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Columbia Spectator Staff

Reverberating in the spaces of Barnard LeFrak Gym's sprawling ceiling and through the open streets of New York City, the voices of survivors of sexual violence and their allies spoke individually and cohesively against assault.

"There's something about using your individual voice and allowing it to join the collective roar where you can really assert your individual experiences, but also let it be strengthened by the experiences of the community that you're in," said Stephanie Davidson, CC '08 and Take Back the Night co-organizer.

Organizers estimated about 500 students marched in Thursday's Take Back the Night, tracing a serpentine path through Morningside Heights. Following the march, survivors told their stories from behind screens at an emotional speak-out in a dark LeFrak. The movement started in Belgium in 1976 as a protest against the promotion of violence in pornography and evolved into an international student-led march to combat sexual violence at large. In 1988, Barnard and Columbia adopted the movement, largely in response to a student's assault in Butler Library.

Originally, only women were allowed to march. After the 1991 formation of Columbia Men Against Violence, men could join in only at the end. Thursday night saw the pioneering of an experiment in which men could march for the entire duration of TBTN, a development organizers attributed to logistics and fresh leadership. Yet some passersby commented on the proportionally small number of men among the marchers.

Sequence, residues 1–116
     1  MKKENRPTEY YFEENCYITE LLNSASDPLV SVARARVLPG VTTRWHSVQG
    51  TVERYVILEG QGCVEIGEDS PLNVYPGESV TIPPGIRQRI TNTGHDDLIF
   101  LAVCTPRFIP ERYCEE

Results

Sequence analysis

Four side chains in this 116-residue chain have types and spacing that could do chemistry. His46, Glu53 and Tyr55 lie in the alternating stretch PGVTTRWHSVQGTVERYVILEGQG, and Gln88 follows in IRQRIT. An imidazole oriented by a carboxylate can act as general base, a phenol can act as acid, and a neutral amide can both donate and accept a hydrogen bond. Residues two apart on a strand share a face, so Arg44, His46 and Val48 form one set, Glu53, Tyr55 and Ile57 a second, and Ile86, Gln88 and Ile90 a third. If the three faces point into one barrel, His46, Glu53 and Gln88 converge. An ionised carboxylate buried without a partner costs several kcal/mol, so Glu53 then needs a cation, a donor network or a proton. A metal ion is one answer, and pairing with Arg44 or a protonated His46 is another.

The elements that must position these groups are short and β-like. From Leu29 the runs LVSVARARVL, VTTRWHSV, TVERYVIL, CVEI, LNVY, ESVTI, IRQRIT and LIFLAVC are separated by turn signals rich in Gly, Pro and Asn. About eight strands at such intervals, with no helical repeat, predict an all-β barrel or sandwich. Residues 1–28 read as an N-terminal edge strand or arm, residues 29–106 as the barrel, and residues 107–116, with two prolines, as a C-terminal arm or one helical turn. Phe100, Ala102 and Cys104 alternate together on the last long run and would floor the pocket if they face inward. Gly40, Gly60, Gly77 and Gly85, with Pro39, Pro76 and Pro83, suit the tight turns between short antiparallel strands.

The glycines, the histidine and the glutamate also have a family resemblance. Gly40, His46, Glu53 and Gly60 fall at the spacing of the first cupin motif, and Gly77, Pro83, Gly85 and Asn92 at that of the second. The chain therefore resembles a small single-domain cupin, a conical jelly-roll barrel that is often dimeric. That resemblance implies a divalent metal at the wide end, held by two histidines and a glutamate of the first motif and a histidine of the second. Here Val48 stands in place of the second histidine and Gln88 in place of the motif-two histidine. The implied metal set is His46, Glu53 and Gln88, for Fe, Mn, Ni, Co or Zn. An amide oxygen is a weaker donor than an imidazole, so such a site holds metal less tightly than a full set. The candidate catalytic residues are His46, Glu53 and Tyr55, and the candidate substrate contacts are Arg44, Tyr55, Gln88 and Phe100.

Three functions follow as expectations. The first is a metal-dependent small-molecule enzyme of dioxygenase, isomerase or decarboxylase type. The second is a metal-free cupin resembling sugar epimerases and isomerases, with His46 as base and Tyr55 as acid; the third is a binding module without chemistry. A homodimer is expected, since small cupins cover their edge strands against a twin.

A women-only front section helped prevent discomfort among those who might feel the need for a safe space without men.

Students came to support friends who have survived assault and who speak against sexual violence. "My friends, who are here, have friends who have had some rough times," Caroline Lang, BC '10, said.

Many say that since its controversial inception in 1988, the tone of the march has transformed from hostile to inclusive. As the group approached 120th Street, chanting phrases like "Rape is a felony, even with CUID!" a policeman raised his arms, beckoning them to raise their voices. "It tends to come out more as chanting and hooting. It's not so much screaming as it is saying particular phrases that feel really empowering," Davidson said.

The march's path through frat row was at one time confrontational, since, according to political theory Professor Dennis Dalton, a TBTN participant, the fraternities distributed sexist propaganda and made catcalls. Recent years have seen an attitude turnaround, as fraternities have taken to hanging signs and rallying by their windows in support of TBTN. "I feel that the force of nonviolence ... is a transformative power, and that [it] has worked its way towards changing attitudes," Dalton said. "Frat row, they have received this transformative power and have been changed by it."

Davidson said that a focus of this year was specifically to recognize sexual violence in context with other hate crimes, and to view all incidents as connected.

As the group marched by University President Lee Bollinger's house on 116th Street and Morningside Drive, some protestors took to calling his name. The president traditionally leaves his light on to support the protest.

According to the National College Health Assessment Survey at Columbia University in 2005 and 2006, 10.1 percent of students reported being touched in a sexual manner against their wills, and 1.6 percent reported non-consensual sexual penetration.

Survivors at Columbia can turn to the Sexual Violence Prevention and Response Program and the Rape Crisis Center for help. Maura Bairley, director of SVPRP, said Talk Campaign strives to "create the space, to change the culture, so we create the culture of help-seeking, of mutual support, a culture that's against secret keeping, for reducing the stigma."

joy.resmovits@columbiaspectator.com

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